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Highland Enchantment
by Lois Greiman
(Avon, $5.99 PG-13) ISBN 0-380-80366-6
Throughout my childhood, I was intrigued by the idea of garden mazes. I imagined myself surrounded by six foot hedgerows following one path after another, turning down what looked like the right path only to confront dead ends until eventually I worked my way free and regained my freedom. I saw it as a test of wits and knew that if given the chance, I would emerge the victor. Well, after reading Lois German's Highland Enchantment let's just say the bloom is off the rose and I am no longer certain that intellect alone is the key to a maze.

Highland Enchantment is Greiman's latest installment in her Highland Brides series that follows three cousins, Shona, Rachel and Sara, as they battle Warwick, an evil wizard, for possession of the brooch "Dragonheart."

I think.

Never having read the previous two books, I found myself constantly turning back the pages to find passages that I thought I had missed, but that in fact were unfortunately not included in the novel.

On a stormy night at Burn Creag Castle, Scotland in 1509, the three young cousins steal the dragon brooch from Liam, the Irish orphan boy taken in by Rachel's father, Laird Leith, to test its "magical powers." Each girl makes a wish on the brooch and Rachel wishes to follow in her mother's footsteps to become a great healer.

Twelve years later, Rachel's wish has come true and she is a renowned healer in Scotland traveling on a mysterious mission when she comes across Liam at a village fair in England. Lucky for him, she arrives just in time to save the traveling entertainer from a trouncing by the enraged male relatives of a village woman he showed a little too much appreciation for during his performance. Reluctantly, Rachel allows him to accompany her until he has recovered from his injuries. Rather than suffer through the temptation of traveling with her, Liam quickly decides to continue his travels alone, but changes his mind during their pitstop beside a stream. There, Rachel finds "Dragonheart." Despite Liam's urgings for her to return the mystical jewel to the water because it is bad luck, she inexplicably tucks it inside her bodice.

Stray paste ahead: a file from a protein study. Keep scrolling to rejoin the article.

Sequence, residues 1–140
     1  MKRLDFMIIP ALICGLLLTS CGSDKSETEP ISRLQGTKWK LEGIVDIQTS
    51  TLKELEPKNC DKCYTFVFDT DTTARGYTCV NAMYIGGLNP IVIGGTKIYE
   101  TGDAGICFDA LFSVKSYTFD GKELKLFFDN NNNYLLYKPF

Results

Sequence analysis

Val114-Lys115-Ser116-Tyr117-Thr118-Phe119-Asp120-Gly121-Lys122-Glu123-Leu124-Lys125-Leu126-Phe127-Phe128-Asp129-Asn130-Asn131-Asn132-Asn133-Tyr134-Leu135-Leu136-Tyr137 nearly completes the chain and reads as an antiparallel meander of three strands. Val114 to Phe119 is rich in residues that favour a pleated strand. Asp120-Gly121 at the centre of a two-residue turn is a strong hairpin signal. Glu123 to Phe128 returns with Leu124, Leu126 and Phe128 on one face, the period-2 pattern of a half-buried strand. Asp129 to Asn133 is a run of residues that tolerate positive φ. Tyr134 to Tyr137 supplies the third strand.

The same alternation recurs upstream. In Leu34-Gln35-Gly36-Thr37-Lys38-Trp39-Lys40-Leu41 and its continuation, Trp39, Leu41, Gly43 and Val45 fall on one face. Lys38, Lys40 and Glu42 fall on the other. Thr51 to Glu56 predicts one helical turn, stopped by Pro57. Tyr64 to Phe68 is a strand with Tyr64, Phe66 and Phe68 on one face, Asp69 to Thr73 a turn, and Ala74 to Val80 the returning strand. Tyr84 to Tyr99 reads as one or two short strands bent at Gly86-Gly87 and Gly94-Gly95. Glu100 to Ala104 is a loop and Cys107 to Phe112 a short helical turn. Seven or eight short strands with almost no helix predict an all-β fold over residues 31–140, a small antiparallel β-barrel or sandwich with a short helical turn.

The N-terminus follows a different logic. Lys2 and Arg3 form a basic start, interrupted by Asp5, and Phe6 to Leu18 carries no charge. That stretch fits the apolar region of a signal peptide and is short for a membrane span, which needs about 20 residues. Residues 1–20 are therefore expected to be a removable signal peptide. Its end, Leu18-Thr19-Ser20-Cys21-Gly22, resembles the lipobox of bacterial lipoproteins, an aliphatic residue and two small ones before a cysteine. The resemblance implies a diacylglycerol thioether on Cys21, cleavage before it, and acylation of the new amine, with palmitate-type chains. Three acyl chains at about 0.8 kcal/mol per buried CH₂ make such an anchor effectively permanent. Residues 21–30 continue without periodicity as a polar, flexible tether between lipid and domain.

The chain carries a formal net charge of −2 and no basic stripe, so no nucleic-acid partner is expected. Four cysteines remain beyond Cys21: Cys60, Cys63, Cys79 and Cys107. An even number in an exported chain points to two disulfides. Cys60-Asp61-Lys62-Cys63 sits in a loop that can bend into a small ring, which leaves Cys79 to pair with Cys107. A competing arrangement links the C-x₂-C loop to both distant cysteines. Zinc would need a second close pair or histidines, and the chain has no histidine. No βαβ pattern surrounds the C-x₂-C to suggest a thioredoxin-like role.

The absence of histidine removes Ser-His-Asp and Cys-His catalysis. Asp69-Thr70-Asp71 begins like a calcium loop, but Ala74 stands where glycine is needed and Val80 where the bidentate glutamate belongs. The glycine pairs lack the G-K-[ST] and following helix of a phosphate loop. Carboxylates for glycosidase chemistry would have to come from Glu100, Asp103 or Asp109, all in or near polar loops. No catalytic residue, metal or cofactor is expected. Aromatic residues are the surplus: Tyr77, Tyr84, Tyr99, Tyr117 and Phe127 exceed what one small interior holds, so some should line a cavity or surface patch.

And so the odyssey begins. Along the way, the two go over a waterfall, join a traveling band of gypsies, run into a mystical creature and perfect the art of driving each other (and the reader) crazy. Both Liam and Rachel have loved each other since childhood. But the differences in their station puts a major kink in Liam's willingness to act on his feelings, despite the many and varied ways Rachel repeatedly devises to attract his attention and overwhelm his guilty conscience and reluctant honor.

Liam says and does everything he can to encourage Rachel's belief that he is a shiftless entertainer with nothing more on his mind than robbery and indiscriminate sex. But, honor aside, why would you want the woman you loved to think that your higher self was nonexistent?

And Rachel? If you were willing to entertain for even a nanosecond that the man you loved from childhood had committed acts that you found abhorrent or at least morally deficient, is that love or stupidity? Her inner conflict to reconcile her love and sexual desire for him, despite his constant rejection (naturally, only after he got both of them all sweaty and partially undressed) seemed just plan dumb. And made her really bitchy to boot.

Into every romance there must come a period of self-doubt for the hero and heroine, especially after each has acknowledged that he/she has feelings for the other and taken steps to encourage a response in the other. But the on-again, off-again emotions raging through Highland Enchantment, rather than inspiring sympathy for Rachel and Liam, after awhile became annoying in the extreme. Eventually, I began to wonder what one saw in the other. And obviously, our hero and heroine find it equally as bothersome because as the story progresses, their behavior toward one another deteriorates to the point where I would have cheered if one or both of them stood up and said, "okay, that's it. I give up."

Unfortunately, neither does, and the novel continues to a climactic yet incomprehensible end. If I thought I was lost during the beginning and middle of the book, I definitely could not decipher the twists and turns that made up the novel's finale.

Highland Enchantment may work for those who have read the series' previous installments and can navigate the storyline. But, for a newcomer, the plot and the characters sometimess amount to an impenetrable mishmash.

--Walaika Haskins

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